Flipping fabulous: raw fish has its moment

Chances are if you’ve been out for seafood recently, you’ve noticed a lot more raw fish dishes on menus across …

Chances are if you’ve been out for seafood recently, you’ve noticed a lot more raw fish dishes on menus across the city.

Ceviches and crudos, flavorful raw fish medleys from Latin America and Italy respectively, are having a moment in NYC eateries, giving many restaurants serving underwhelming sushi and sashimi a run for their money.

Market research group Datassential MenuTrends reports that ceviches and crudos are appearing more and more on restaurant menus in the northeast — with New York representing the largest share of restaurants in that region. Ceviche is up 26% from 2009 and crudo by 150% in the same time. What gives?

For Peter Gevrekis, operating partner at Desnuda, an East Village cevicheria that recently opened a second location in South Williamsburg, it’s a question of exposure. With demand rising among consumers, chefs are taking note and obliging restaurant goers. But that hasn’t always been the case.

“Japanese had been done for so many years, and nobody was doing something like this,” he said. “It took about a year and a half before we got really busy.”

Eventually business picked up, and now hungry New Yorkers are dropping in to the South 1st Street location for coconut milk-marinated lobster ceviche, and yellow fin tuna tiradito (like Peruvian crudo) with a shishito yuzu truffle glaze.

“You can’t go wrong with it,” said Gevrekis.

Originally from Mexico City, Julian Medina, chef and co-owner of Yerba Buena, takes inspiration from all over Latin America at his restaurant.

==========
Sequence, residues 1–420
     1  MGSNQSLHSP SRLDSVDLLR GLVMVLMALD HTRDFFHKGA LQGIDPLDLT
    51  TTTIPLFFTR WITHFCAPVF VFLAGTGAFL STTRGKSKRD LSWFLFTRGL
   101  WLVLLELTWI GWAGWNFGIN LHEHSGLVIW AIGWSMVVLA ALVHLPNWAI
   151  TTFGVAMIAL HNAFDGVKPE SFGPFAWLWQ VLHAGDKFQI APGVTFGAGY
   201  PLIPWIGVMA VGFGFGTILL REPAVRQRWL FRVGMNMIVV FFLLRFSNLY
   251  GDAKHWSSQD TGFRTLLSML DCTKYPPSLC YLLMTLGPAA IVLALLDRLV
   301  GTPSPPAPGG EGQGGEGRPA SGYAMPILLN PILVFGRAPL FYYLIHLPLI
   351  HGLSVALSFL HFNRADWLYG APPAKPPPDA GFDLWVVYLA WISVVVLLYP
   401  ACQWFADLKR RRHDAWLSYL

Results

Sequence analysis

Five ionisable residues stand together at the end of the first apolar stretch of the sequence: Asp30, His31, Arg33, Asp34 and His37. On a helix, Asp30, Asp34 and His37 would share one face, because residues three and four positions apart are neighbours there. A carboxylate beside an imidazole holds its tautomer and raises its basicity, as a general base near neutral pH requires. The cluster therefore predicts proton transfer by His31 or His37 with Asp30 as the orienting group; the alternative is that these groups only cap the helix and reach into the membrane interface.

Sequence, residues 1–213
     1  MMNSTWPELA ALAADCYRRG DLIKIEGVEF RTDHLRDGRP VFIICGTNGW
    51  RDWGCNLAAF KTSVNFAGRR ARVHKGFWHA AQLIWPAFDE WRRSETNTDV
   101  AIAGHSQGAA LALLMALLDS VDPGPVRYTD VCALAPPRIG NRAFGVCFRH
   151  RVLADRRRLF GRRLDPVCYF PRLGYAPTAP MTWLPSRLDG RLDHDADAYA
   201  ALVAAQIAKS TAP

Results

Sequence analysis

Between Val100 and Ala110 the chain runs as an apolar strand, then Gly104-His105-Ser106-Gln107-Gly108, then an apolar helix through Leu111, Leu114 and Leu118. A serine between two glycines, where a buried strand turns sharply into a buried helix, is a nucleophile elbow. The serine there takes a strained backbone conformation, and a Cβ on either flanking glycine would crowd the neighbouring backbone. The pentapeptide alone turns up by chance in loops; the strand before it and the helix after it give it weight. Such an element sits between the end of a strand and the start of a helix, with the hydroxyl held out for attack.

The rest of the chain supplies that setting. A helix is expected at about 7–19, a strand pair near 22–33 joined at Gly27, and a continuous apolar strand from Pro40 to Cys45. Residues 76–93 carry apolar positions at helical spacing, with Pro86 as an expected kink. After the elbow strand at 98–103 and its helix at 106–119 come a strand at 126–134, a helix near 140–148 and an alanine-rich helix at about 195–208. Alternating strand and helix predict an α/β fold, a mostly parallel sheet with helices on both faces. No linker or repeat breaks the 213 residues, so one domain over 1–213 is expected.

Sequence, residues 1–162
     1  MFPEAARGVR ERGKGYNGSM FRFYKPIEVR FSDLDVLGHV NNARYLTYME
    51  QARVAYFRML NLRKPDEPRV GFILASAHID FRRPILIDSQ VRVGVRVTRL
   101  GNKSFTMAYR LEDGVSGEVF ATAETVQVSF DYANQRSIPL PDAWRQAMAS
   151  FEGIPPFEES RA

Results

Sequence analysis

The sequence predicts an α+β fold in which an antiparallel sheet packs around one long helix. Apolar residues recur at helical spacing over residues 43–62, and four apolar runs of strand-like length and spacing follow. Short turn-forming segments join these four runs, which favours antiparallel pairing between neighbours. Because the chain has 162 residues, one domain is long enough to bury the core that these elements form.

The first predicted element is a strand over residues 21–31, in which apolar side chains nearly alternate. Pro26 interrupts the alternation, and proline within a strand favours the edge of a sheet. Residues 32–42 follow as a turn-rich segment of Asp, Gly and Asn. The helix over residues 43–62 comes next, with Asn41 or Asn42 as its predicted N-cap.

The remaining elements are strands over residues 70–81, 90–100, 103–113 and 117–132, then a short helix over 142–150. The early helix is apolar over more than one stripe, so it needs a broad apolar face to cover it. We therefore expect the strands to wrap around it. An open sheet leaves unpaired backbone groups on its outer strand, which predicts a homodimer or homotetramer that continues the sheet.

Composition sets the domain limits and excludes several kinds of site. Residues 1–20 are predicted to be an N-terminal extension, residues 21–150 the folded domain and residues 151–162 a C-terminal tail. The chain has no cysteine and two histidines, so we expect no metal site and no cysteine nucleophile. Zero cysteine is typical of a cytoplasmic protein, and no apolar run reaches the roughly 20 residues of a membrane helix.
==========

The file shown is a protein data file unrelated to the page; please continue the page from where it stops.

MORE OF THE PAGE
He estimates a 30% increase in his ceviche trade since the restaurant’s opening in 2009.

“A lot of people like it because it’s light and refreshing and packed with flavor,” he said of the combination of chopped raw fish “cooked” in a bath of citrus juice, spices and herbs.

At Esca, chef and co-owner Dave Pasternack was inspired to put crudo on the menu after a trip to Croatia’s Dalmatian Coast.

“Other than Japanese restaurants, there was really nobody doing anything like that in America,” he said.

So he took a chance, and years later, crudo is emblematic of Esca’s uncomplicated and refined fare, with dishes like Alfonsino Snapper dressed with Meyer lemon-pressed olive oil. When asked why crudo and ceviche have experienced such popularity in the last few years — and more recently at new hot spots like ZZ’s Clam Bar — Pasternack quipped, “I try to set the trends, not follow them.” And with nearly 15 years at Esca under his belt, it seems good taste is always on trend.

MARGUERITE A. SUOZZI. Special to amNewYork